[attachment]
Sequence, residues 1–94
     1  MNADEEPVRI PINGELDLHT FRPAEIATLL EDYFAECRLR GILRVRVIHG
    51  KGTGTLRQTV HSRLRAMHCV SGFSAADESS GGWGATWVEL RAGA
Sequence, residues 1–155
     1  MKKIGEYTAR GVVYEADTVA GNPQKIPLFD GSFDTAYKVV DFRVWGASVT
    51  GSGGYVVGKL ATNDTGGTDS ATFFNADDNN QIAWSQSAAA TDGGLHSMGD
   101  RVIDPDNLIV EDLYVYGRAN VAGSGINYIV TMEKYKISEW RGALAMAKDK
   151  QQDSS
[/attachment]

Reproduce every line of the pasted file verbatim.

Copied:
Sequence, residues 1–94
     1  MNADEEPVRI PINGELDLHT FRPAEIATLL EDYFAECRLR GILRVRVIHG
    51  KGTGTLRQTV HSRLRAMHCV SGFSAADESS GGWGATWVEL RAGA
Sequence, residues 1–155
     1  MKKIGEYTAR GVVYEADTVA GNPQKIPLFD GSFDTAYKVV DFRVWGASVT
    51  GSGGYVVGKL ATNDTGGTDS ATFFNADDNN QIAWSQSAAA TDGGLHSMGD
   101  RVIDPDNLIV EDLYVYGRAN VAGSGINYIV TMEKYKISEW RGALAMAKDK
   151  QQDSS